- Social networking & social norms | Aide-Memoire: My friend Kate Carruthers links to some interesting discussions about how we’re creating and negotiating new social norms for online social networks. A good a starting point as any.
- File Sharing Has Become the “New Normal” for Most Online Canadians | Daily Exchange: New Canadian research on attitudes to “file sharing”. 45% say people who use peer-to-peer file sharing services to download music and movies are regular Internet users doing what people should be able to do on the Internet. Only 3% believe file-sharers are criminals who should be punished by law.
- Banned hyperlinks could cost you $11,000 a day | smh.com.au: Websites linking to Wikipedia and an anti-abortion website have been threatened with fines.
- ABC Mobile Web Site Failed Accessibility Test | Link: “Currently I am teaching mobile and accessible web design to second year and postgraduate students at The Australian National University in the course ‘Networked Information Systems’ (COMP2410). The ABC
[Mobile] home page would not be of an acceptable standard for student work on this course.”
- You can’t spell Lowest Common Denominator without “ABC Mobile” | Department of Internets: A less-than-complimentary review of the ABC Mobile website.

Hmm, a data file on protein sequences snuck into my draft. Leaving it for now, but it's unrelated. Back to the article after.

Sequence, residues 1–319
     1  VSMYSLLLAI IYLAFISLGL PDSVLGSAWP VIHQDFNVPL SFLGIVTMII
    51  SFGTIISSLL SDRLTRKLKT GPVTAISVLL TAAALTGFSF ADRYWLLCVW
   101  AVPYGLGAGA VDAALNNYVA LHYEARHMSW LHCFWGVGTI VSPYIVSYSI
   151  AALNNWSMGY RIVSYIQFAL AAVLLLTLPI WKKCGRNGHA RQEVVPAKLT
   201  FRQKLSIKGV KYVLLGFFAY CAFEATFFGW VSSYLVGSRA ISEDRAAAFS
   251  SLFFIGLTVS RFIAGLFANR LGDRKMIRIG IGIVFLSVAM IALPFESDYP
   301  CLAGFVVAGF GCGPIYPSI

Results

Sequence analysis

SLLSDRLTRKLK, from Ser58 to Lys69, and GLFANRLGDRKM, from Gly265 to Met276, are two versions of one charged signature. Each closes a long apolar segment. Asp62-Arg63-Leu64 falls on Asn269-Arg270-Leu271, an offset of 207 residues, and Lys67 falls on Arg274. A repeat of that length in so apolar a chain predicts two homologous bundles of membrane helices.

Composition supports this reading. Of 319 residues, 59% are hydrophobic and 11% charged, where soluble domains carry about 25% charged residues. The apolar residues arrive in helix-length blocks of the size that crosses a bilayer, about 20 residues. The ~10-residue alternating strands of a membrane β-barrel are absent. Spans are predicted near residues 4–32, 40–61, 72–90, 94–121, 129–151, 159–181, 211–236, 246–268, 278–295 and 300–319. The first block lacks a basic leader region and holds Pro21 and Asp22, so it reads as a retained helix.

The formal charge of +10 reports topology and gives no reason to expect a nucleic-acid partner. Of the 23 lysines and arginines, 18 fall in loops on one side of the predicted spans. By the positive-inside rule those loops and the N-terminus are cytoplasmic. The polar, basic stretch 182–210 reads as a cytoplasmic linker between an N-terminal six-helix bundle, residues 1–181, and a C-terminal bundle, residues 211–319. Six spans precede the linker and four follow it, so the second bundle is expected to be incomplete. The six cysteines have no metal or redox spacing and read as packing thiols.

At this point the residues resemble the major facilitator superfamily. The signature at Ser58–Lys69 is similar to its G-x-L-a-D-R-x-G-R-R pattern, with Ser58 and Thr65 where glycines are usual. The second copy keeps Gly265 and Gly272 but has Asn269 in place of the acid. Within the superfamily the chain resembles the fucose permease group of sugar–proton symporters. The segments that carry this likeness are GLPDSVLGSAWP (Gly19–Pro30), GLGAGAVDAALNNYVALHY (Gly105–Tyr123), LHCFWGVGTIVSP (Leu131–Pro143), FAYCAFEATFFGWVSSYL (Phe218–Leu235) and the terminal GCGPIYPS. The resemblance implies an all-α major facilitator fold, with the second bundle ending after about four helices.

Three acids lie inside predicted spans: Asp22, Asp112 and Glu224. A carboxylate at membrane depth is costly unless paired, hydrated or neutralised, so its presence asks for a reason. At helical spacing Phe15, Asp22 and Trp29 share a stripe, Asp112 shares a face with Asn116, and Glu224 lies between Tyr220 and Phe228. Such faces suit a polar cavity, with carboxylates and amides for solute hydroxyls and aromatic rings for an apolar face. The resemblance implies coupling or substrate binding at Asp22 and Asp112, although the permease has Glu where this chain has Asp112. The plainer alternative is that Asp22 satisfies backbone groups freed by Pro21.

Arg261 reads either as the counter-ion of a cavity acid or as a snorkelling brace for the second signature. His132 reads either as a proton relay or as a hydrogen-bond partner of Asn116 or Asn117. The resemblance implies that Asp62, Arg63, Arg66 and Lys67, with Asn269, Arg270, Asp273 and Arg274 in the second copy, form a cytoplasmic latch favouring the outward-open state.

- ABC Mobile: The new supposedly-mobile-friendly website from Australia’s ABC. But…
- We Have Lasers!!!!!!!!!!: Just like “Sexy People” but… with lasers! Lasers improve everything, right?
- Sexy People: Billed as “a celebration of the perfect portrait”, this collection of over-produced and overly-sentimental portrait photography reminds us just how bad the 1970s and 1980s really were.
- A gentle introduction to video encoding | dive into mark: A set of six articles providing an orientation to to issues involved in video encoding, written with a suitably cynical tone given the dog’s breakfast of formats available.
- Happy 20th Birthday WWW | Link: 13 March 2009 marked the 20th anniversary of the CERN paper outlining what would become the World Wide Web.
- Law Enforcement (Powers and Responsibilities) Amendment (Search Powers) Bill 2009 | NSW Parliament: This Bill proposes giving far more extensive search powers to NSW Police, including the ability to secretly enter premises next to the suspect without notifying the owner or tenant, and to secretly install monitoring software on third-party computers.
- Unicorns and Cupcakes: Two of the worst styles of kitsch collide in an explosion of… kitsch.
- An interview with an anonymous blog commenter | Joanna Geary: A regular commenter on the Birmingham Post‘s website, “Clifford” chats about his experience.
- australian screen: Australia’s audiovisual heritage online. “Explore over 1,000 Australian film and television titles produced over the last 100 years, with clips, curator notes and other information.”
- Gary Hayes Emerging Media Diagrams | Flickr: “A range of charts created by Gary Hayes across games, social networks, cross-media, broadband services, virtual worlds. Used in various presentations already and all marked as creative commons – attribution, non-derivative, non-commercial.”